‘After a consideration of the allegation of the petition filed in cases L-21758 and L-21759 (Santiago Rice Mill, etc. v. Santiago Labor Union, Et. Al.) for review of the order and resolution of the Court of Industrial Relations referred to therein, the COURT RESOLVED to dismiss the petition for lack of merit.’

"5. That by the terms of the afore-cited entry of judgment, the Respondent’s, in effect, are ordered to deposit the sum of P100,000 in cash, Philippine Currency and similar amount P100,000 in surety bond, pursuant to the order of this Honorable Court of March 30, 1963, which was affirmed in the above-cited Supreme Court resolutions;

"6. That as a consequence of the ignorance of the Board of Directors of Petitioner of this entry, then present, they tentatively agreed to the offer of P110,000.00 of Respondents, until November 8, 1963 when the final conference before this Honorable Court will be held;

"7. That movants consented to come to Manila on the understanding that the conference was to be held with the Attorney-in-fact of the petitioner, the ’CREAM, INC.’, formerly, Credit Research and Intelligence, its exclusive authorized representative for the evaluation, adjustment and liquidation of its claim against Respondent, that they were very much taken back in having been taken to the Court of Industrial Relations on October 31, 1963 by the President of the Petitioner, Mr. Segundino S. Maylem; that even while they were already inside the building, they were never informed that the purpose was to talk about a compromise settlement with Respondent’s representatives; as a result of these circumstances, your movants although present, were not able to register their objections to the proceedings; that immediately after the aforesaid conference, the herein movants came to know of the entry of judgment in the Supreme Court, infra; (sic)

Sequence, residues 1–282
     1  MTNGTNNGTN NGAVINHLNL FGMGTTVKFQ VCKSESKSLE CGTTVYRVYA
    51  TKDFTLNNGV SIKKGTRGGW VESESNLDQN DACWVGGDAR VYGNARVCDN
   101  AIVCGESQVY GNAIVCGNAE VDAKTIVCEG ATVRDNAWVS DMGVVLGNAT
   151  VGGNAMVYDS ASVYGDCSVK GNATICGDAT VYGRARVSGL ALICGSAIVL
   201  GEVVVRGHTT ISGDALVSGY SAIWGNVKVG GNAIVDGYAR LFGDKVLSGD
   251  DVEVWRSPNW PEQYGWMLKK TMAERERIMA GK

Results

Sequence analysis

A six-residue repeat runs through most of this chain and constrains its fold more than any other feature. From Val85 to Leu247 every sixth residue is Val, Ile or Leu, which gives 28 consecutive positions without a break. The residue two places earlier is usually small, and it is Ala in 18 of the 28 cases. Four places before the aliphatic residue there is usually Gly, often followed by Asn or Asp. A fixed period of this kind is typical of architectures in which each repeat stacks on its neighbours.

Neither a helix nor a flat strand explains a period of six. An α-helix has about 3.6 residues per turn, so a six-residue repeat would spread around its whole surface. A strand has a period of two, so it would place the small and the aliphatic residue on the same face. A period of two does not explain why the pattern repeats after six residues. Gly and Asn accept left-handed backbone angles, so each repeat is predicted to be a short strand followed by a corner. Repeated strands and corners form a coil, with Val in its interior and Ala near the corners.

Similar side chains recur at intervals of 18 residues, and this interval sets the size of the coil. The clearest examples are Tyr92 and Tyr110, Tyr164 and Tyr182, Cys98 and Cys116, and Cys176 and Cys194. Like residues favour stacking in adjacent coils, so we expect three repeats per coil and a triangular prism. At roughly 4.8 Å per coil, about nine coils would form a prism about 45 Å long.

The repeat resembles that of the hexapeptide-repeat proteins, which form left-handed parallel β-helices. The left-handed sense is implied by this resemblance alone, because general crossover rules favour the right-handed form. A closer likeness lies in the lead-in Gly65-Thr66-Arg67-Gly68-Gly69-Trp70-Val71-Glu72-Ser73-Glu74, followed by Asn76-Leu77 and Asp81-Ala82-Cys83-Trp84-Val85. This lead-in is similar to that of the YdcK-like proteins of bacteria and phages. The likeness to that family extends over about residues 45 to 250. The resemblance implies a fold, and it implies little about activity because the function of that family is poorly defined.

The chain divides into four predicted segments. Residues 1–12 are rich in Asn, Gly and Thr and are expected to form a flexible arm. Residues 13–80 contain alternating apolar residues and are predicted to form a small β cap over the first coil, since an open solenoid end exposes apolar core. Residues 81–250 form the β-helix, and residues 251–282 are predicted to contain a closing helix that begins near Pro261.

"8. That the herein Movants register and manifest their objections to the proceeding held and to the tentative agreement manifested by the Board of Directors of the Santiago Labor Union then present, on the following grounds:chanrob1es virtual 1aw library

a) That the Board of Directors did not have any express authority of the members of the Santiago Labor Union to enter into any compromise for the sum of P110,000.00; on the contrary, the latest authority granted its Attorney-in-fact, the ’CREAM, INC.’ was for the sum of P150,000.00 which authority was given only, very recently;

b) That the proceedings on October 31, 1963 was tainted by apparent bad faith on the part of the President of the Petitioner, Mr. Segundino S. Maylem, in that there never was a time before the conference when he intimated or otherwise made known to the movants, that a conference would be held before Judge Emiliano Tabigne. The only reason for the trip to Manila was the conference with ’CREAM, Inc.’ officials;

c) That the effect of the entry of judgment in G.R. Nos. L-21758-59, infra, was not explained to the members of the Board of Petitioner at any time, much less made known, although it was later ascertained that President Segundino S. Maylem all the time, BEFORE THE CONFERENCE, knew of the existence of the order; what was emphasized was the claim of the Respondents that they are unable to pay more than P110,000.00; (Italics supplied.)